Called “Smart City” by commercial enterprises, media and marketing departments, the fully connected metropolis risks being anything but. It is undeniable that the digitization of metropolitan infrastructures is both desirable and ultimately needed, but the way it may be performed demands consideration. A mechanistic approach, focusing mainly on databases and predictive analytics risks ignoring the subjective values that make communities lively and diverse places. Besides raising concerns about privacy and surveillance, this approach may further alienate citizens in the homogeneous bubbles of peer groups, isolating them from major structures that define contemporary urban living. It may also increase social fragmentation, inequality, intolerance and many psychological illnesses that are hard to measure, such as depression and loneliness.

Beyond data and analytics, smart city information and communications technologies approaches need to tap into the organic flows that make up a living city. This research believes it is the most effective way to turn cities into serviceable interfaces for urban development, with people at the heart of the process. The Digital revolution is less about the physical matter of cities and more about how the infrastructure and its inhabitants will communicate with each other.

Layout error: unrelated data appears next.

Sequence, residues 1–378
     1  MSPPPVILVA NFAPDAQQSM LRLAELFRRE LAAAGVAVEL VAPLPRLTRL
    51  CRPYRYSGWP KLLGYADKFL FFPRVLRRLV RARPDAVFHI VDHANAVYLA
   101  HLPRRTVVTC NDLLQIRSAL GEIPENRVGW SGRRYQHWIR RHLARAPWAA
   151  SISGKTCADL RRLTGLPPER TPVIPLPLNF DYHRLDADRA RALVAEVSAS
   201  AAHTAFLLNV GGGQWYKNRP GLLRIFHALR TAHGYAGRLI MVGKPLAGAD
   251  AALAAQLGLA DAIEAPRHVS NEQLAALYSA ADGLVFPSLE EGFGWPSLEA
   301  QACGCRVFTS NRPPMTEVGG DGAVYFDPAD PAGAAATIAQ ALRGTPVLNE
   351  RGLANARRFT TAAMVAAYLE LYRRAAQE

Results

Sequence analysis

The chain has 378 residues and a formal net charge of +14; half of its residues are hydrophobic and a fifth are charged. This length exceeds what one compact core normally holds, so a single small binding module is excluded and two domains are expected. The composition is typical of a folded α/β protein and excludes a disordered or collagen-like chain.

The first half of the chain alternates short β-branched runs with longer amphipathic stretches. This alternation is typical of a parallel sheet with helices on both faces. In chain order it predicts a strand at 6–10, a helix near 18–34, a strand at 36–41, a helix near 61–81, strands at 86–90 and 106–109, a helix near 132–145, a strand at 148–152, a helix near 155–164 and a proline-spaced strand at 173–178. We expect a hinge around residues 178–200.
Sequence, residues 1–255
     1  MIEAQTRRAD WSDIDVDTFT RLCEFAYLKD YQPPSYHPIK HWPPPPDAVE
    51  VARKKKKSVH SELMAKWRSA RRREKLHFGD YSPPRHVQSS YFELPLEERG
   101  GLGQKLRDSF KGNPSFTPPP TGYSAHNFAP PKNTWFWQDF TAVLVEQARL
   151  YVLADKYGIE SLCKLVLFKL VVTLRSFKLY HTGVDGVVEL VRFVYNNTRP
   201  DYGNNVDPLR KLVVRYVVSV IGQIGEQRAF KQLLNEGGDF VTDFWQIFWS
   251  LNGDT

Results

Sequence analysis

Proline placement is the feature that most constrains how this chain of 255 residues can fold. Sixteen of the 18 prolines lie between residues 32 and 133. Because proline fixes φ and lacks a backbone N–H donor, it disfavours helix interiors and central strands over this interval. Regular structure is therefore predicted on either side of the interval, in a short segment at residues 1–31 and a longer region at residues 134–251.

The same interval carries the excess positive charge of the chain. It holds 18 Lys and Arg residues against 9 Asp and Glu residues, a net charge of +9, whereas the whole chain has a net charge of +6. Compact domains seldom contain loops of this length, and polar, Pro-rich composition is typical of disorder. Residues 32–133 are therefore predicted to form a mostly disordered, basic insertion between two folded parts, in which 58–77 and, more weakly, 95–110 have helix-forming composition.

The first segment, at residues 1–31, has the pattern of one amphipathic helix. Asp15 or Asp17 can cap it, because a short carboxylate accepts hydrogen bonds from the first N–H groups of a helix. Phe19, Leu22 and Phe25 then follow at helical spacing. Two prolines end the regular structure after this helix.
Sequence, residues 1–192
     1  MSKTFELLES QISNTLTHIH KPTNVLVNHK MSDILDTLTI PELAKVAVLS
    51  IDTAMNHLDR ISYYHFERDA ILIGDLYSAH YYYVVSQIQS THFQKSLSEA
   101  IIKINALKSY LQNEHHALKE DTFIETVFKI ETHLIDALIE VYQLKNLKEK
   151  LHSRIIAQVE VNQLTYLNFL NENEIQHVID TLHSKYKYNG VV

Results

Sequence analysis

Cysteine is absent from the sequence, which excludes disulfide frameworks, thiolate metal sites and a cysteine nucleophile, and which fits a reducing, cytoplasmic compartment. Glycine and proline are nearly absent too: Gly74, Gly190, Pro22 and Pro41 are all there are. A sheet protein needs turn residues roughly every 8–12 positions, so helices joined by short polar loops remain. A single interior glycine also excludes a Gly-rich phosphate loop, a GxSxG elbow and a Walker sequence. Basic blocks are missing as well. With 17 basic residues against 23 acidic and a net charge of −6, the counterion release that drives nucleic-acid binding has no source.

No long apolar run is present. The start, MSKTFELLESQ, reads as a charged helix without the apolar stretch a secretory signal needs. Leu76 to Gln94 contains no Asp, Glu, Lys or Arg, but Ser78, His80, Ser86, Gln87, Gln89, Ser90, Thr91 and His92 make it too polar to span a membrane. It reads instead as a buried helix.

But some questions remain unanswered: who owns the data accumulated by smart grids and networks?

A proprietary system may lock its client cities into expensive and ineffective policies which may reduce incentives to cultivate in-house expertise. What happens when strategic data is hosted on a propriety platform, in another country, subject to its laws? How will these new relationships work? If information is power, information asymmetries tend to lead to power imbalances. A digital information society will only be fully democratic when everyone relevant has equivalent access to the information concerning their environment. It is a very different situation than the one that is lived today, in which centralized entities know much about their users, who are instead unaware of which data is collected, how is it traded and what kind of profiles are being made with it.

Keywords: Smart Cities, Datacracy, Social Networks, Internet of Things, Datasphere.

Set 1, 2021
Como Citar
ANTUNES, Luiz Guilherme. THE DATACRACY THREAT OF SMART CITIES. South American Development Society Journal, [S.l.], v. 7, n. 20, set. 2021. ISSN 2446-5763. Disponível em: <>. Acesso em: 29 nov. 2021. doi: